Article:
42. Sachs, J-D & Warner, A-M, 1995. "Natural Resource Abundance and Economic Growth," Papers 517a, Harvard - Institute for International Development.
  43. Lakonishok, Josef & Levi, Maurice, 1982. " Weekend Effects on Stock Returns: A Note," Journal of Finance, American Finance Association, vol. 37(3), pages 883-89, June.
  44. Fazal Husain, 1998. "A Seasonality in the Pakistani Equity Market: The Ramadhan Effect," The Pakistan Development Review, Pakistan Institute of Development Economics, vol. 37(1), pages 77-81.
  45. Galor, Oded & Moav, Omer, 2001. "Das Human Kapital," CEPR Discussion Papers 2701, C.E.P.R. Discussion Papers.
  46. Pritchett, Lant, 1995. "Divergence, big time," Policy Research Working Paper Series 1522, The World Bank.
  47. Bertocchi, Graziella, 2003. "The Law of Primogeniture and the Transition from Landed Aristocracy to Industrial Democracy," CEPR Discussion Papers 3723, C.E.P.R. Discussion Papers.
  48. Kenneth L. Sokoloff & Stanley L. Engerman, 2000. "Institutions, Factor Endowments, and Paths of Development in the New World," Journal of Economic Perspectives, American Economic Association, vol. 14(3), pages 217-232, Summer.
  49. Quah, Danny T, 1997. "Empirics for Growth and Distribution: Stratification, Polarization, and Convergence Clubs," Journal of Economic Growth, Springer, vol. 2(1), pages 27-59, March.
  50. Goldin, Claudia, 1998. "America's Graduation from High School: The Evolution and Spread of Secondary Schooling in the Twentieth Century," The Journal of Economic History, Cambridge University Press, vol. 58(02), pages 345-374, June.
  51. Barone, E., 1990. "The italian stock market : Efficiency and calendar anomalies," Journal of Banking & Finance, Elsevier, vol. 14(2-3), pages 483-510, August.
  52. Keim, Donald B & Stambaugh, Robert F, 1984. " A Further Investigation of the Weekend Effect in Stock Returns," Journal of Finance, American Finance Association, vol. 39(3), pages 819-35, July.
  53. Wang, Ko & Li, Yuming & Erickson, John, 1997. " A New Look at the Monday Effect," Journal of Finance, American Finance Association, vol. 52(5), pages 2171-86, December.
  54. Kato, Kiyoshi & Schallheim, James S., 1985. "Seasonal and Size Anomalies in the Japanese Stock Market," Journal of Financial and Quantitative Analysis, Cambridge University Press, vol. 20(02), pages 243-260, June.
  55. Tang, G. Y. N. & Kwok, K-h., 1997. "Day of the week effect in international portfolio diversification: January vs non-January," Japan and the World Economy, Elsevier, vol. 9(3), pages 335-352, August.
  56. Rogalski, Richard J, 1984. " New Findings Regarding Day-of-the-Week Returns over Trading and Non-trading Periods: A Note," Journal of Finance, American Finance Association, vol. 39(5), pages 1603-14, December.
  57. Josef Lakonishok, Seymour Smidt, 1988. "Are Seasonal Anomalies Real? A Ninety-Year Perspective," Review of Financial Studies, Society for Financial Studies, vol. 1(4), pages 403-425.
  58. Agrawal, Anup & Tandon, Kishore, 1994. "Anomalies or illusions? Evidence from stock markets in eighteen countries," Journal of International Money and Finance, Elsevier, vol. 13(1), pages 83-106, February.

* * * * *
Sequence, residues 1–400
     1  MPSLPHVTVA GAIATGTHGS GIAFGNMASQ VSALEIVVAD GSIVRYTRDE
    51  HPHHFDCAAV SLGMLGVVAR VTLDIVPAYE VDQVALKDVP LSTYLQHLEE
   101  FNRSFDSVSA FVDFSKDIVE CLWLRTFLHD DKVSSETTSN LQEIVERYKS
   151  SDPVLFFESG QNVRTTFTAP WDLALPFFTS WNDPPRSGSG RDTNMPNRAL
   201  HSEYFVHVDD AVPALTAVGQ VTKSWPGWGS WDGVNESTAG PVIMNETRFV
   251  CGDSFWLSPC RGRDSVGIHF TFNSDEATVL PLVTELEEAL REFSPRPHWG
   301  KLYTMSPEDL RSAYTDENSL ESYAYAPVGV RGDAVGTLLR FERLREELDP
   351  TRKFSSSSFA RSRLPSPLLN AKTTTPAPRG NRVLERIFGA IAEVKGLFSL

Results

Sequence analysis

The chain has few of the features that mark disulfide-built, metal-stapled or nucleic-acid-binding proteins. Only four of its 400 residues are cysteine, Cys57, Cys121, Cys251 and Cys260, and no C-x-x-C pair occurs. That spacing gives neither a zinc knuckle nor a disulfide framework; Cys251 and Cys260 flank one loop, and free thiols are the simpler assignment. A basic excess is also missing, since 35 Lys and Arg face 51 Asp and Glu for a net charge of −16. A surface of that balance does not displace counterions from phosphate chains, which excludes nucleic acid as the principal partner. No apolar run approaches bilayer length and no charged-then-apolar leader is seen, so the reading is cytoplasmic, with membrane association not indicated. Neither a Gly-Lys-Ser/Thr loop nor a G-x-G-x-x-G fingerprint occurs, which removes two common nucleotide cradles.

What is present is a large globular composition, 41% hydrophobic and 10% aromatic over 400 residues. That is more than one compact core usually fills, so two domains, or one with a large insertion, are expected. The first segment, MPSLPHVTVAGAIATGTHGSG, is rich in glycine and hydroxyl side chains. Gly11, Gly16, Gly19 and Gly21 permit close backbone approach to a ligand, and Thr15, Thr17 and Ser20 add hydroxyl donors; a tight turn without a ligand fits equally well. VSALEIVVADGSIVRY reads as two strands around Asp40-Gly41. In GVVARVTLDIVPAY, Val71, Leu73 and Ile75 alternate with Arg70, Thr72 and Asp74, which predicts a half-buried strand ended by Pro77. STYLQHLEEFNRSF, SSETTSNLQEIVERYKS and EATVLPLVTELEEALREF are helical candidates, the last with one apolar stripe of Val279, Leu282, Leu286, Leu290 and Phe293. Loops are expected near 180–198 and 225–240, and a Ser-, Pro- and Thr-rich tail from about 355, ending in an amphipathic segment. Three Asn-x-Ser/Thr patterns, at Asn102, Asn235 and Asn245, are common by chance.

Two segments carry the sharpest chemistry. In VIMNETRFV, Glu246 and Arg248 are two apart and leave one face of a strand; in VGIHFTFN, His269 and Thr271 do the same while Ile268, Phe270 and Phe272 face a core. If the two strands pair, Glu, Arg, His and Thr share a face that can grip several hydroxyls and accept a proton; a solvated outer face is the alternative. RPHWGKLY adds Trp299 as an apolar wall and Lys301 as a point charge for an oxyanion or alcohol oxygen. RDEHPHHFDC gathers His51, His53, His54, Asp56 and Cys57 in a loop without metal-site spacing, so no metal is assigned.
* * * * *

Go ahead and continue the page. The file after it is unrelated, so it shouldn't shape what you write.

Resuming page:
59. Kim, Chan-Wung & Park, Jinwoo, 1994. "Holiday Effects and Stock Returns: Further Evidence," Journal of Financial and Quantitative Analysis, Cambridge University Press, vol. 29(01), pages 145-157, March.
  60. Khaksari, Shahriar & Bubnys, Edward L, 1992. "Risk-Adjusted Day-of-the-Week, Day-of-the-Month, and Month-of-the-Year Effects on Stock Indexes and Stock Index Futures," The Financial Review, Eastern Finance Association, vol. 27(4), pages 531-52, November.
Full references (including those not matched with items on IDEAS)

This item is not listed on Wikipedia, on a reading list or among the top items on IDEAS.

When requesting a correction, please mention this item's handle: RePEc:cpr:ceprdp:3817. See general information about how to correct material in RePEc.

For technical questions regarding this item, or to correct its authors, title, abstract, bibliographic or download information, contact: ()

If you have authored this item and are not yet registered with RePEc, we encourage you to do it here. This allows to link your profile to this item. It also allows you to accept potential citations to this item that we are uncertain about.

If references are entirely missing, you can add them using this form.

If the full references list an item that is present in RePEc, but the system did not link to it, you can help with this form.

If you know of missing items citing this one, you can help us creating those links by adding the relevant references in the same way as above, for each refering item. If you are a registered author of this item, you may also want to check the "citations" tab in your profile, as there may be some citations waiting for confirmation.

Please note that corrections may take a couple of weeks to filter through the various RePEc services.

This information is provided to you by IDEAS at the Research Division of the Federal Reserve Bank of St. Louis using RePEc data.